The basic issue underlying the FC Sion case is what I have characterized as lex sportiva vs. lex imperium -- or the law of sport versus the law of the state. It might seem obvious that the law of the state should have primacy in all situations, but reality is not so simple.
The latest example of what can happen when the rules promulgated by sports associations (and especially powerful ones, like FIFA) conflict with national sovereignty comes from Brazil:
Brazilian President Dilma Rousseff plans to meet the president of soccer's world governing body on Monday to resolve a legal dispute over the 2014 World Cup, the Estado de S. Paulo newspaper reported.This reads as if President Rousseff is negotiating with Sepp Blatter not a peer head of state (which would be remarkable enough), but someone far more powerful. So powerful in fact that Rousseff is apparently ready to change laws set through democratically legitimate domestic institutions to ensure that FIFA's costs are not too onerous. Ahem.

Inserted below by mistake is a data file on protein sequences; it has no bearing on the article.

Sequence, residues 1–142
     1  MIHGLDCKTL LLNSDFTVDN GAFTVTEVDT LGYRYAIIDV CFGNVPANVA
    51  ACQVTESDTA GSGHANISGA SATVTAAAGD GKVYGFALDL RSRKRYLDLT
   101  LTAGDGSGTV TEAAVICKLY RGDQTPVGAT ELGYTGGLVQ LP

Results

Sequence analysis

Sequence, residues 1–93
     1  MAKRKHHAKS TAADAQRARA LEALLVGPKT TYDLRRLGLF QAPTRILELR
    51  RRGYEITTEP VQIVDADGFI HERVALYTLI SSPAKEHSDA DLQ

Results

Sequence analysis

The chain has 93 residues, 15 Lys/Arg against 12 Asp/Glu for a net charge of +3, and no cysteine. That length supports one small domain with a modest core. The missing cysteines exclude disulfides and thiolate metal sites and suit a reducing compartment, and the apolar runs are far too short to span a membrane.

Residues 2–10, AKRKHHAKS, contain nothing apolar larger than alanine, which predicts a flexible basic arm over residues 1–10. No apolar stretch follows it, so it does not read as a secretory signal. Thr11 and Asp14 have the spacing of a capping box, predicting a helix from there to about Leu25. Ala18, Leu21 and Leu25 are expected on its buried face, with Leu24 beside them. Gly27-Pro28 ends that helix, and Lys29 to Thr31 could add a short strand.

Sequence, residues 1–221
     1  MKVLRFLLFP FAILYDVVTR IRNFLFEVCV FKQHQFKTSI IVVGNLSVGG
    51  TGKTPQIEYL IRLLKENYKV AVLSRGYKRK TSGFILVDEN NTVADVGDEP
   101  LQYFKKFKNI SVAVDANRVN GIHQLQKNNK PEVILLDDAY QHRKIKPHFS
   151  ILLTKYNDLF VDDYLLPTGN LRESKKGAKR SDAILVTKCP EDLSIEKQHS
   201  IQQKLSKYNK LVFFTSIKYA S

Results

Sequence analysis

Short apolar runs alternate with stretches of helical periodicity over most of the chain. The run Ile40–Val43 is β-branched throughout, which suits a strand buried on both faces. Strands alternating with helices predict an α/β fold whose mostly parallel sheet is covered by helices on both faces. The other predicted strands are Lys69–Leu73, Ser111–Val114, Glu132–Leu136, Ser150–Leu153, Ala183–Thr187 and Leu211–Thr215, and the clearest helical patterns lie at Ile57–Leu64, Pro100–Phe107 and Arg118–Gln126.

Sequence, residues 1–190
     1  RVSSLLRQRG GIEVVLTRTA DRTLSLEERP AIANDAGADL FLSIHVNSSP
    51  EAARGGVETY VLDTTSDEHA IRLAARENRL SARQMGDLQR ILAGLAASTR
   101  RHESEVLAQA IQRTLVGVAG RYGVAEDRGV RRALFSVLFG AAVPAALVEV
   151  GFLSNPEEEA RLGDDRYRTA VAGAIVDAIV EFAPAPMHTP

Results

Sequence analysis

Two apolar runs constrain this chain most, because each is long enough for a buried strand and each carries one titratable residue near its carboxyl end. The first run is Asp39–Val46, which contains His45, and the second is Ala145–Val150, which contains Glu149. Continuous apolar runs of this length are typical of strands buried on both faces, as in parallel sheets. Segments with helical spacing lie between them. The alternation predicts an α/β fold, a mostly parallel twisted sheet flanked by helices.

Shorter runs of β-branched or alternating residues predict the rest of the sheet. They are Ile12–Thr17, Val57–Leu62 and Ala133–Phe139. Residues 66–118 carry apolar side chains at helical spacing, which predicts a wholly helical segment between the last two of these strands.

FIFA has asked Brazil to suspend several laws while it hosts the World Cup, including one that requires theatrical and sports events to provide half-price tickets to people over 65, the paper reported on Saturday.
The laws, FIFA says, threaten to increase the governing body's costs, reduce its ability to protect its brands and sponsors' trademarks and to saddle FIFA with other legal liabilities, Estado said, citing Orlando Silva, Brazil's sports minister.
Rousseff plans to meet FIFA President Joseph Blatter in Brussels on Monday and is ready to compromise on a series of FIFA complaints, Silva told the newspaper.
The FT understates the circumstances:
[A]ny meeting between Rousseff and Fifa’s head, Sep Blatter, promises to be as interesting as anything on the pitch.When lex sportiva meets lex imperium interesting things happen. That is one reason why the case of FC Sion is so interesting. Stay tuned -- Part II coming soon.